The 69th session of the United Nations General Assembly (UNGA) officially opened on September 16. The early part of the UNGA session, generally highlighted by a high-level summit and the theatrics of the General Debate featuring speeches by most of the world’s leaders, garners a great deal of media attention that quickly falters once the real grind of the session begins. Despite the relative lack of attention, a number of important issues occupy the UNGA each fall after the General Debate ends that require the careful attention of the U.S. and persistent negotiation, pressure, and dedication to principle to ensure that U.S. interests are protected and advanced.
Regrettably, the U.S. seems to be ignoring most of the key matters that the UNGA actually has within its authority, such as blocking the election of Venezuela to the U.N. Security Council (UNSC) or seeking budgetary restraint and improved whistleblower protections. Instead, the official U.S. priorities for this UNGA session are: (1) the fight against the Islamic State in Iraq and Syria; (2) ensuring Iran does not get nuclear weapons; (3) the path forward in Afghanistan; (4) the emergency response to Ebola in West Africa; (5) climate change; (6) defending civil society, human rights, democracy, freedom of the press, and full participation of women; and (7) the post-2015 Sustainable Development Goals (SDGs).
While most of these issues are important, they will be addressed through treaty negotiations or by bodies like the Security Council or the World Health Organization. UNGA resolutions are non-binding and offer little more than rhetorical support for all but the SDGs, which will be negotiated and adopted by the UNGA. U.S. priorities for this General Assembly session should include:
Preventing the Election of Venezuela to the UNSC. Composed of five permanent members (China, France, Russia, the United Kingdom, and the United States) and 10 non-permanent elected members that serve staggered two-year terms, the UNSC is the U.N.’s most powerful body. It is charged with maintaining international peace and entrusted with the authority to authorize military action, employ sanctions, and deploy peacekeeping operations.
On October 16, the General Assembly is scheduled to elect five countries to replace Argentina, Australia, Luxembourg, South Korea, and Rwanda on the Security Council. Among the candidates is Venezuela, which has the support of Latin America and the Caribbean group. Even with this endorsement, however, Venezuela must still earn support from two-thirds of the 193 member states of the UNGA.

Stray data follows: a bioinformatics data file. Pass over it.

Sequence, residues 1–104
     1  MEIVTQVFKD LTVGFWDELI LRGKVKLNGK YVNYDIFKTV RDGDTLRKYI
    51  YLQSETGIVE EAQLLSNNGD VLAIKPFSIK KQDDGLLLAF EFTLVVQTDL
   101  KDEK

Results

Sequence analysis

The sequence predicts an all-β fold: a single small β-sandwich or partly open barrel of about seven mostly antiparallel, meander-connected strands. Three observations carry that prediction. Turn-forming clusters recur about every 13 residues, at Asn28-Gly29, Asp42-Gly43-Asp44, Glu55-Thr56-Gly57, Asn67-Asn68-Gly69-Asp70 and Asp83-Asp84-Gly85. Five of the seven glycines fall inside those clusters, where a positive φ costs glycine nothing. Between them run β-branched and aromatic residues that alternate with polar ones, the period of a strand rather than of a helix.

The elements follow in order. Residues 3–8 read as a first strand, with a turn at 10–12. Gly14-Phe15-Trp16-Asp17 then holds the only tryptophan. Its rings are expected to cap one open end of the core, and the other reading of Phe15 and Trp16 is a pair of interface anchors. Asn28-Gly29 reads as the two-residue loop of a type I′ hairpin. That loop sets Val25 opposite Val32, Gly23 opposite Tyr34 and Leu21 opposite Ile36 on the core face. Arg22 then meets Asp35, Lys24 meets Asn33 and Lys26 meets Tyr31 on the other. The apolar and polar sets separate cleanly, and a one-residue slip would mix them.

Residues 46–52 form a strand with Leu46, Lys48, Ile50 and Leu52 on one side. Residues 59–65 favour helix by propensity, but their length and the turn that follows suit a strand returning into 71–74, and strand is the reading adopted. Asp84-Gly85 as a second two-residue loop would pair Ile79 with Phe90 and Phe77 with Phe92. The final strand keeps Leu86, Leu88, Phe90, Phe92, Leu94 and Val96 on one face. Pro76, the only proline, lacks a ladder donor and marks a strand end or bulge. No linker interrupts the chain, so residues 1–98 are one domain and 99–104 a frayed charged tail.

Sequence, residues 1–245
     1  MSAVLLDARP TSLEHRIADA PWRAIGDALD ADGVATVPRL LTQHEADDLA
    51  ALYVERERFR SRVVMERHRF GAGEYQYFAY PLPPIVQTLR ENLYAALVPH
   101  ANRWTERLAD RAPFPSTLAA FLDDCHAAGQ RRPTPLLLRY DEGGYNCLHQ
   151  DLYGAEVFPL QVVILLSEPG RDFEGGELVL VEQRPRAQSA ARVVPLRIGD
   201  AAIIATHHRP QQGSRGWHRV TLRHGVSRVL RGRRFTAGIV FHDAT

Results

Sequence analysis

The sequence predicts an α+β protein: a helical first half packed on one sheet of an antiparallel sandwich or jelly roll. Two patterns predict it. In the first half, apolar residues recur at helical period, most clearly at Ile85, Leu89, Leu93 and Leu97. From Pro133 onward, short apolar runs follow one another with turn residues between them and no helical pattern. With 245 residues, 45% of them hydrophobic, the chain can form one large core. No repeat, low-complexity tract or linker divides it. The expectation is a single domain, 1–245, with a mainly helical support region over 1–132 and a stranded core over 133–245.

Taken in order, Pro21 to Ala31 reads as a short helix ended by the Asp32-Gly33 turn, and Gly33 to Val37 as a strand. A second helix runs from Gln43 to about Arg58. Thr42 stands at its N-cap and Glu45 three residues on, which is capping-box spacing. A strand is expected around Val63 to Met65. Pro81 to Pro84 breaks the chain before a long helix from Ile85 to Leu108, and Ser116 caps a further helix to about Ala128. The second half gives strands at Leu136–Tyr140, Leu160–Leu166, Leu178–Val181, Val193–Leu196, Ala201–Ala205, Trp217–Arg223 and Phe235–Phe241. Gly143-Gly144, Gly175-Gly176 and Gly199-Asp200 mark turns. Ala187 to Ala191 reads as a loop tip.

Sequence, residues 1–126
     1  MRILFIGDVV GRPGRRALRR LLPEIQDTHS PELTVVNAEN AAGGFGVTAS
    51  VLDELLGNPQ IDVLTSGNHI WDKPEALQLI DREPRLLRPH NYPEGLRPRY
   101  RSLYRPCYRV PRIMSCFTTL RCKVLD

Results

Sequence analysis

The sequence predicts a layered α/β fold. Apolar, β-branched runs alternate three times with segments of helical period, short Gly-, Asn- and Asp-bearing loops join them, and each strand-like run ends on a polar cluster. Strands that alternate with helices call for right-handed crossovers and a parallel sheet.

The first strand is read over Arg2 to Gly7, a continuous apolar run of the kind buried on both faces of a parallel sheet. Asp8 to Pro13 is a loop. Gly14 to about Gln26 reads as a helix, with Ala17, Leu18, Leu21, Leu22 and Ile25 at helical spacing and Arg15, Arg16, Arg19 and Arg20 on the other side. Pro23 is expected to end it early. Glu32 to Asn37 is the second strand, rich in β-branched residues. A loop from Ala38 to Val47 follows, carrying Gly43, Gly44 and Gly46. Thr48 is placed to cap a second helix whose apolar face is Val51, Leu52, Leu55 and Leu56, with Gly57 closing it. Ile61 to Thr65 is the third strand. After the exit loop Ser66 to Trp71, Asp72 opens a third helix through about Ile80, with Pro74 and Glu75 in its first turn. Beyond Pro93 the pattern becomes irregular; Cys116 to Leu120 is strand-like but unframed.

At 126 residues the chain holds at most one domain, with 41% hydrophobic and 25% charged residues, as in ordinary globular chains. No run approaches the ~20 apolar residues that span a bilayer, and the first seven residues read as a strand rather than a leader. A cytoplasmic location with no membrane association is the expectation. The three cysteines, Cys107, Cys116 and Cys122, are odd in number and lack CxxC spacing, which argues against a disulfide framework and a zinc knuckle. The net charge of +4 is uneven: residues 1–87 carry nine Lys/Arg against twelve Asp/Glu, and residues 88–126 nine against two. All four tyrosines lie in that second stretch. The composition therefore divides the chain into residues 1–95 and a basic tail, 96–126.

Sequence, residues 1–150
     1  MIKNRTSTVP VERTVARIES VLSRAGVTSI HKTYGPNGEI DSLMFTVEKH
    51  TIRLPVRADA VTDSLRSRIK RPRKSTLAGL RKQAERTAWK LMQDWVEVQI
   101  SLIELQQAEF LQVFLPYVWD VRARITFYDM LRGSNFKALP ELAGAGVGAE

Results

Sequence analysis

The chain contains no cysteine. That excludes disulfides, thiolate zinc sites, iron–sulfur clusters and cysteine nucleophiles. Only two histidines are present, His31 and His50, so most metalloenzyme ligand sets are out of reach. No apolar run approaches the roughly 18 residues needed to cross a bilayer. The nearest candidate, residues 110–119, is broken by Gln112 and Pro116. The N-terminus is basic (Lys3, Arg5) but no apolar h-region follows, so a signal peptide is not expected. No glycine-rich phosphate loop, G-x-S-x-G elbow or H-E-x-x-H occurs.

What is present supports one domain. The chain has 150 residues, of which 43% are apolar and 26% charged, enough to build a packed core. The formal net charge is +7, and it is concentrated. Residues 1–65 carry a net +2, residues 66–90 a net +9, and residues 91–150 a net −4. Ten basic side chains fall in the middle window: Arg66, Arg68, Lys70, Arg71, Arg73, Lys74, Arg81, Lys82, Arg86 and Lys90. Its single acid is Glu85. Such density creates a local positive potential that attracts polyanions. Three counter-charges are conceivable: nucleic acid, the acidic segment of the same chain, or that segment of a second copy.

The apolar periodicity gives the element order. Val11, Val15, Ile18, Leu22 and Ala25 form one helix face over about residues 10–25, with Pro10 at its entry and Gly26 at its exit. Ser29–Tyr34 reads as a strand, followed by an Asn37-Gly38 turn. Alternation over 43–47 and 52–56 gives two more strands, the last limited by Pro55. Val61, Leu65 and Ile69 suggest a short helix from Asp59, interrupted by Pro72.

Venezuela is an authoritarian state that has regularly committed human rights abuses against its citizens. It has allied with Cuba, Iran, Syria, and other countries hostile to the U.S. and worked with them to oppose U.S. interests. A seat on the UNSC would provide Venezuela a platform to further its anti-American agenda. When Venezuela last sought a UNSC seat in 2006, the U.S. convinced Guatemala to run as an alternative candidate and forced 47 rounds of voting (the third-longest vote in history for a UNSC seat) before both countries withdrew in favor of Panama. The Obama Administration should take inspiration from this and prepare for a hard fight to block Venezuela’s bid.
Holding the Line on the U.N. Regular Budget. The United Nations’ regular budget has grown consistently over the past six decades. As the largest contributor to the regular budget, budgetary constraint is of particular concern to the U.S. The U.S. assessment of 22 percent for the U.N. regular budget (which serves as a standard for many U.N. organizations) is more than the combined assessment of the 178 least-assessed states combined.
The Obama Administration, aided by economic downturns in the economies of other major contributors that have inspired a renewed interest in fiscal constraint, has had success in constraining growth in the regular budget. (See Table). However, most member states pay a relatively small amount, and the U.N. Secretariat has repeatedly sought to increase the regular budget via add-ons and recosting. The U.S. should endorse a zero-growth position for the regular budget and insist that any new expenses be offset by eliminating extraneous, duplicative, or outdated activities, which, as shown by the defunct Mandate Review, could be between a third and half of all U.N. mandates.